Life Insurance when compared with the Public Provident Fund (PPF); if a person invests Rs. 10,000 in PPF, the amount will grow at the rate of 8.8% (w.e.f. 1st April 2012), i.e. Rs. 10,880. Secondly, access to the funds will be limited like the account holder can without maximum upto 50% of the amount after 5 years and can be closed at the expiry of 15 years, however the account period can be extended for a period of 5 years on request. On the other hand, in life insurance, the same amount of Rs. 10,000 can give you an insurance cover of approximately Rs. 5-15 lacs (depending upon the plan, age and medical condition of the life insured etc.) and on policyholder’s death, this amount can become immediately payable to the nominee.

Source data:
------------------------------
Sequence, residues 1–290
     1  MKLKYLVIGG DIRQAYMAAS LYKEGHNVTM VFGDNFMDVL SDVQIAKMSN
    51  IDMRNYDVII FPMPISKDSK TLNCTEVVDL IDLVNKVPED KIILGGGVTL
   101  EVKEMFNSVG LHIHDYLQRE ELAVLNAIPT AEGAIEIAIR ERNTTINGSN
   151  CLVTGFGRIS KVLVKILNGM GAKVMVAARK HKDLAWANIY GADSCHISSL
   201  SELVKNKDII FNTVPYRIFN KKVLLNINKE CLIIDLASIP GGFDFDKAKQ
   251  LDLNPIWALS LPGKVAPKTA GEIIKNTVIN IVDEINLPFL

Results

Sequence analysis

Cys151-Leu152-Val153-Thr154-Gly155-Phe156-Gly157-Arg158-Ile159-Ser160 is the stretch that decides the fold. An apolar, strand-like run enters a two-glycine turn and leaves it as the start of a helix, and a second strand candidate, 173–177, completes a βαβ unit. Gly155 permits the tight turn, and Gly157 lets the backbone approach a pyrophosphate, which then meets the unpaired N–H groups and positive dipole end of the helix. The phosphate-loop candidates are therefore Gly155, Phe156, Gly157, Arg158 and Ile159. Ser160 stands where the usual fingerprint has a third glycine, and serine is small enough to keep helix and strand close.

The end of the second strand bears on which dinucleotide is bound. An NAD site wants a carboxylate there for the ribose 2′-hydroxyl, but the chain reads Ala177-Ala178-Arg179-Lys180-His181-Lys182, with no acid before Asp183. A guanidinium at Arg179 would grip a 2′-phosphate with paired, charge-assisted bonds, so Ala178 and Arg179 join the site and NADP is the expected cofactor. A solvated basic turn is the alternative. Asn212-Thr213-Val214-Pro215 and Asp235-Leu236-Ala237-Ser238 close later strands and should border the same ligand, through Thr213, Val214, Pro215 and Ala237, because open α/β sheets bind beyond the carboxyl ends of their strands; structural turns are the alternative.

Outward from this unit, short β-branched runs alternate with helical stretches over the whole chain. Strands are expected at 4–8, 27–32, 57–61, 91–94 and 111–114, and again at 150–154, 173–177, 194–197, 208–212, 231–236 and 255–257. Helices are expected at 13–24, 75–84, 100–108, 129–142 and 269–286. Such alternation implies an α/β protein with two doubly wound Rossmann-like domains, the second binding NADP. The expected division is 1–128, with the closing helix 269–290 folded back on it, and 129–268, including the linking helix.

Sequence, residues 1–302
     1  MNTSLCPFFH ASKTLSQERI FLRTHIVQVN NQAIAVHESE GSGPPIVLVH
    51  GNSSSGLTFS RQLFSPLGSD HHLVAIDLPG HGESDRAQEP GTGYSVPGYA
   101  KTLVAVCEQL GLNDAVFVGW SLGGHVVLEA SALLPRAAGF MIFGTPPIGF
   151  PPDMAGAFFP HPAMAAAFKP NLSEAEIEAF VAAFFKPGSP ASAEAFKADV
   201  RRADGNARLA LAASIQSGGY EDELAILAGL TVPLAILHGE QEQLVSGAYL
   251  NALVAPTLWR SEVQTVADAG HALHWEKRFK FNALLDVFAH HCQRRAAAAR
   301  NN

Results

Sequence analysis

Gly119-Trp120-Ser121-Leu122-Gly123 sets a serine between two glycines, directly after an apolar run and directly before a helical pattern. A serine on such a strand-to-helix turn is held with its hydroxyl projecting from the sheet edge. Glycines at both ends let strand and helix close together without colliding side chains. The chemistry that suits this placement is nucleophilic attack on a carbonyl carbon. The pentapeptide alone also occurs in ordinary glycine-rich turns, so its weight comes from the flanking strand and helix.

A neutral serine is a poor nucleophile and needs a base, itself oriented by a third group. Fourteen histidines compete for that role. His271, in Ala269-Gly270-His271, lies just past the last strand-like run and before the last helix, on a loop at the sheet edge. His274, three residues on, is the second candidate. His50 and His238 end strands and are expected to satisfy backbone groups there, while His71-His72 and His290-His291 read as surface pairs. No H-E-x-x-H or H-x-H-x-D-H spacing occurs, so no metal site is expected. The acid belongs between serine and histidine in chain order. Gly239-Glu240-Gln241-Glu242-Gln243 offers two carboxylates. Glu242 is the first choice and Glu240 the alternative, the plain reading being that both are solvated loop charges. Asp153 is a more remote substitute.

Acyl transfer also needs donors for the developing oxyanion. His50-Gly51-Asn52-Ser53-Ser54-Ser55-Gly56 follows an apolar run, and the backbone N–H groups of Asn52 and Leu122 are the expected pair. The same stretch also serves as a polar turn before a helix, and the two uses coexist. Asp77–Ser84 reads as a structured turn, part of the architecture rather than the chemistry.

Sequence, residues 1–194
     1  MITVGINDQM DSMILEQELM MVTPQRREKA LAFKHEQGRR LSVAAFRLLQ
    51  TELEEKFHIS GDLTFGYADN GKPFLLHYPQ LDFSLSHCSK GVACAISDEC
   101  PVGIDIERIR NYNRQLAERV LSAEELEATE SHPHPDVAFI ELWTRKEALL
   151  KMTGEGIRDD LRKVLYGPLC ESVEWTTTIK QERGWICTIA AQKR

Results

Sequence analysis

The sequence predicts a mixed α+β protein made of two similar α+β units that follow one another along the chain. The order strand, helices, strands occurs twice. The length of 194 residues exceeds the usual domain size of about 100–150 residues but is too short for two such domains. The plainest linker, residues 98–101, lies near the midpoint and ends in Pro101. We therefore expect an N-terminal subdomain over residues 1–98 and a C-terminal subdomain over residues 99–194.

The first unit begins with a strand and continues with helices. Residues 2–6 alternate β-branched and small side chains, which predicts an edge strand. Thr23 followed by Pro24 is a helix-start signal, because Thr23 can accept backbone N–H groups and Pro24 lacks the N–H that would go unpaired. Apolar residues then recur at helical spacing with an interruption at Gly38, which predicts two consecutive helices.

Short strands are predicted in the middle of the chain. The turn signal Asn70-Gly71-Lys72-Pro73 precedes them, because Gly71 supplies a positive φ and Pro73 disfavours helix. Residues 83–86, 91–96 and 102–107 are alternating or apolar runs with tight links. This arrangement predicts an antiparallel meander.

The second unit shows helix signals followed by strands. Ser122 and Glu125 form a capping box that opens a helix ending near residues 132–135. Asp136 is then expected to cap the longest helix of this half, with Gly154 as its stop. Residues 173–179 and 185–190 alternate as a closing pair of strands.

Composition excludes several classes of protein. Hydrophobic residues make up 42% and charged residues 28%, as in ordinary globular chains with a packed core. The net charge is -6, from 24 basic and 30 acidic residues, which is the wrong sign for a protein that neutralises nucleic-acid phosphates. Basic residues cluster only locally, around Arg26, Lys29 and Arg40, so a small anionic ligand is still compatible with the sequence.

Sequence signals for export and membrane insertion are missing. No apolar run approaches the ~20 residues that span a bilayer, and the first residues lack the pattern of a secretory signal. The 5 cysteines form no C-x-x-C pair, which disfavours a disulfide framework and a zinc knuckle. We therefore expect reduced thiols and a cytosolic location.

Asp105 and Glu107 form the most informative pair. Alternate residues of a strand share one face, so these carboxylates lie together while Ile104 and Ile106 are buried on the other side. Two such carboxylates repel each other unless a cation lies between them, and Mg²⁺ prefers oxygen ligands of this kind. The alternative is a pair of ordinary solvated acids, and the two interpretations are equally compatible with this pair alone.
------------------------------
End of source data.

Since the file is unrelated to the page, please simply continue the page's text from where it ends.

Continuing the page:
Hence, insurance also acts as a unique investment tool, which attarcts sound returns in addition to protection.

Life insurance as "Tax planning"

Insurance serves as an excellent tax saving mechanism too as the policyholder is eligible for various tax benefits under the Income Tax Act 1961. The Government of India has offered them in order to facilitate the flow of funds into these productive assets. Though there are various other options for saving tax, life insurance is one of the most effective tax planning instrument. Hence, with the life insurance plans, individuals can not only save tax but also look at achieving their long term goals.

Refer Chapter 17, Income Tax Act, 1961 for different tax benefits of insurance.